With Christmas coming up and the search for a better or new tree comes to mind there are plenty of ways to save money when shopping for one. There are many to chose from whether you prefer the fresh-cut smell of Fraser fir or choose a no-fuss artificial.
These following tips will ensure that you land a tree for less.
1. Look for an artificial one
Cost wise an artificial tree will be your most economical option.
Shoppers paid an average of $75 for a live tree versus $107 for a new artificial tree in 2017, according to a survey from the National Christmas Tree Association, a trade group that represents the live Christmas tree industry. So, an artificial tree pays for itself after two seasons.
Going with an artificial tree will also give you more options, particularly if you buy it online. Just take a look at the selection at Amazon, for example.
2. You can cut your own!
If you’re willing to put your wheels on the road with rope and a saw then head on to your local nursery or tree farm and find the best deal on many real live trees.
The U.S. Forest Service issues permits to harvest trees for use as indoors at Christmas. For example, holiday tree permits from Oregon’s Mt. Hood National Forest are only $5. One permit lets you cut one tree that is up to 12 feet tall.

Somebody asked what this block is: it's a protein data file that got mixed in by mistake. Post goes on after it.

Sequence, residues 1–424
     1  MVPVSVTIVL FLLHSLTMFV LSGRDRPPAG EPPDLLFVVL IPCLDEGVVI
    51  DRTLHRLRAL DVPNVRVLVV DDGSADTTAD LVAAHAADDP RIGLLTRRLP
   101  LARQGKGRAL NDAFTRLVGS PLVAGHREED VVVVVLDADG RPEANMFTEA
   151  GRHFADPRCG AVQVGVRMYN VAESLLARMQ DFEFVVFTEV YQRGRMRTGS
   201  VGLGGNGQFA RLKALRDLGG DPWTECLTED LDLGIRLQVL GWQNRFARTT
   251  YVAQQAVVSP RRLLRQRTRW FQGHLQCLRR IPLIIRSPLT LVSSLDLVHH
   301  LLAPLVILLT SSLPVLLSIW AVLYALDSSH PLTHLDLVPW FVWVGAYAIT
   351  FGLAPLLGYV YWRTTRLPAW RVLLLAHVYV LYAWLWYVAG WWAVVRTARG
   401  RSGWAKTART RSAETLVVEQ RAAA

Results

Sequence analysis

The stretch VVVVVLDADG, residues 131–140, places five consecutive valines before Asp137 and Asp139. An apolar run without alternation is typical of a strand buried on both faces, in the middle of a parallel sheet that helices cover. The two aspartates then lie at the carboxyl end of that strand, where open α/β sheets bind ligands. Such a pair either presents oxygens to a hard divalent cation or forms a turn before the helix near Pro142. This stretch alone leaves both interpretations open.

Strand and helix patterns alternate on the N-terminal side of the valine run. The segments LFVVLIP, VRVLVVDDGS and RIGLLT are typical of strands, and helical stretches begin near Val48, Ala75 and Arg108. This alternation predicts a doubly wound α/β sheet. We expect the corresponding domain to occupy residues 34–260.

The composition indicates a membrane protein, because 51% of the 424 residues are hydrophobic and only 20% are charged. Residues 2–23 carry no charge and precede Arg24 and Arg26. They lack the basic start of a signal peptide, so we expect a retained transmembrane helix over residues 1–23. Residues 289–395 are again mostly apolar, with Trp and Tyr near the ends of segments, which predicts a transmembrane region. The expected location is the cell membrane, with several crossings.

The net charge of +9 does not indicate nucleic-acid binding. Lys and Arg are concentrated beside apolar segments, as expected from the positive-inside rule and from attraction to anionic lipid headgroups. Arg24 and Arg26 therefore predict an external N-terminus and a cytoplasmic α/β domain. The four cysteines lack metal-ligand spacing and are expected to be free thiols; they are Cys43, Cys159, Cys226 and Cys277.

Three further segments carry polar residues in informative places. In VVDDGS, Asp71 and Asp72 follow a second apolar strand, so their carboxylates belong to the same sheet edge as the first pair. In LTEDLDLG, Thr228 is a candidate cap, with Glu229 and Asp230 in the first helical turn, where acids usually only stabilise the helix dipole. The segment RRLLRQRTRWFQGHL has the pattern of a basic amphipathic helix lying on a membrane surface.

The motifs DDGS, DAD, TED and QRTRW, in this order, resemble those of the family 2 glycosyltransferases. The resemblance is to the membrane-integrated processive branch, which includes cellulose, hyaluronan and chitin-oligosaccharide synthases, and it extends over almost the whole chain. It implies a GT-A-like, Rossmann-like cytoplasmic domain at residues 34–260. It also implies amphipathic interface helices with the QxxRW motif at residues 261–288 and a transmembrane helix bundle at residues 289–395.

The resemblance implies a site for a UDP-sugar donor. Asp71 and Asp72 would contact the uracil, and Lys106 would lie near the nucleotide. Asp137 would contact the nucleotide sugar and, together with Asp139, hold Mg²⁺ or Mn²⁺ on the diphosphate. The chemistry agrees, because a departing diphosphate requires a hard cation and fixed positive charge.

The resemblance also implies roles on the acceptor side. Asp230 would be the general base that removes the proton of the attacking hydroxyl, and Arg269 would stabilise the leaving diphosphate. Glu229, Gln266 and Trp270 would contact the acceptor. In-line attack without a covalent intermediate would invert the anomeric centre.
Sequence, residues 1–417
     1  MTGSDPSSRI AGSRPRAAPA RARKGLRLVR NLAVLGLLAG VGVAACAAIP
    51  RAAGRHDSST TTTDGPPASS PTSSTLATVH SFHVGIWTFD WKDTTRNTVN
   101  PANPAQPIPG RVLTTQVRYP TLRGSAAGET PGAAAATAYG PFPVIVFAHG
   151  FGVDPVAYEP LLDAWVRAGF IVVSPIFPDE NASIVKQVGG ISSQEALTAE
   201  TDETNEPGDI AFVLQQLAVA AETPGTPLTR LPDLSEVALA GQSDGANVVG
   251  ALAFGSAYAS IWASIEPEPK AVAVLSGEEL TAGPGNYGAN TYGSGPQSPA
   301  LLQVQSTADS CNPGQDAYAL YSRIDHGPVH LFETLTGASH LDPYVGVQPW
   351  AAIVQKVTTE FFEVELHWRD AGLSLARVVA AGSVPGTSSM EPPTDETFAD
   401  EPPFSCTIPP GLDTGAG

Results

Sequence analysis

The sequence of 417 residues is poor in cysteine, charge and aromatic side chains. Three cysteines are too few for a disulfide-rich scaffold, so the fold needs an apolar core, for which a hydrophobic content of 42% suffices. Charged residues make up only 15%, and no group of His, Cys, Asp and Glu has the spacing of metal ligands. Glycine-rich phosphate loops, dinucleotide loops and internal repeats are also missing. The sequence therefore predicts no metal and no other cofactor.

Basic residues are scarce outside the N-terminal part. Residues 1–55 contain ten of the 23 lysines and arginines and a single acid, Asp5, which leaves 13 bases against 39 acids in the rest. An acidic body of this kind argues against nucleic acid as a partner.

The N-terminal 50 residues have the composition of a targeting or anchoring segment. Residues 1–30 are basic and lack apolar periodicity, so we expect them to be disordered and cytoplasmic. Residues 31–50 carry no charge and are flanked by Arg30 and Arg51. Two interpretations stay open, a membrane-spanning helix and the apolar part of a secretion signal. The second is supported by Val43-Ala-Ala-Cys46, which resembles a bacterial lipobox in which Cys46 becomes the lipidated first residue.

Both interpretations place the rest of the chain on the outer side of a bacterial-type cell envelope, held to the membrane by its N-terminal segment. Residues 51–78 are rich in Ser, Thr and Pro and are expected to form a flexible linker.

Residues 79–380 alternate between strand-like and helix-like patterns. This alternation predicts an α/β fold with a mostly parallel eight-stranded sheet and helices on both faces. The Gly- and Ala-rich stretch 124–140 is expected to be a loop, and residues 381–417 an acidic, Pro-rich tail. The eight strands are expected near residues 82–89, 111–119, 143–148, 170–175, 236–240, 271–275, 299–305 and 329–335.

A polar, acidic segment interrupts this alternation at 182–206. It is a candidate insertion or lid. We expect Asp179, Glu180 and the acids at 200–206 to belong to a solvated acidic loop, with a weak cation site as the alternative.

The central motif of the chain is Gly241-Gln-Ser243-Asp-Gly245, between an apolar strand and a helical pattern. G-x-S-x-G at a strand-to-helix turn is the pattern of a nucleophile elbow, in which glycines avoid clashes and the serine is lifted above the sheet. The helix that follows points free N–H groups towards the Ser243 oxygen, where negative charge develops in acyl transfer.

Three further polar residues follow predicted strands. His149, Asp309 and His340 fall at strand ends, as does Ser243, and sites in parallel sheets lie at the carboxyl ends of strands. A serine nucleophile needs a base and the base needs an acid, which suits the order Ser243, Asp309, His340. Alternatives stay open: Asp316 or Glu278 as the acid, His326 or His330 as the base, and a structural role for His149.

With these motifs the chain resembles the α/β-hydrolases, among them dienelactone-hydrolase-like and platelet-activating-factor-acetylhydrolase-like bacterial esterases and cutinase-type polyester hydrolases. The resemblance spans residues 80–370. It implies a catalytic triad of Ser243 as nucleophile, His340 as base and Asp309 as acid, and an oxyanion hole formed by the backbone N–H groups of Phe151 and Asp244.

Contact your nearest forest to ask about your options.
3. Pick a popular species
While all Christmas tree varieties offer unique and desirable features, you’ll likely get the best deal on more popular picks.
For example, the Douglas fir is one of the top Christmas tree species, thanks to its pleasant aroma and bountiful branches. At a farm in Pennsylvania, the wholesale price for an 8- to 10-foot Douglas fir is $36. Compare that to $50 for a concolor fir, a variety more often used to make furniture than to decorate during the holidays.
4. Try negotiating a better offer
Negotiating is not out of the question at a tree lot.
If you fall in love with a tree that’s slightly out of your price range, make an offer on it. Or make an offer simply because you have nothing to lose by trying. Maybe there’s an awkward gap in the branches or minor discoloration you can leverage.
5. Get a size that will fit your home
You’ll do best picking the smallest tree for your home.
Cut-your-own farms like Wyckoff’s Christmas Tree Farm in Belvidere, New Jersey, charge per foot. Even pre-cut trees are priced based on size. So, if you can settle on a 6- or 7-footer or smaller, you stand to save significantly.
6. Hold out for a while
Grocery stores and once-vacant parking lots start to fill with Christmas trees in early November. But some sellers have been known to slash prices as the holiday draws near.
7. Shop after the holidays
If you’re considering an artificial tree, timing is everything. January is a great time to stock up on Christmas decorations, including trees — with clearance deals ranging from 50 to 85 percent off.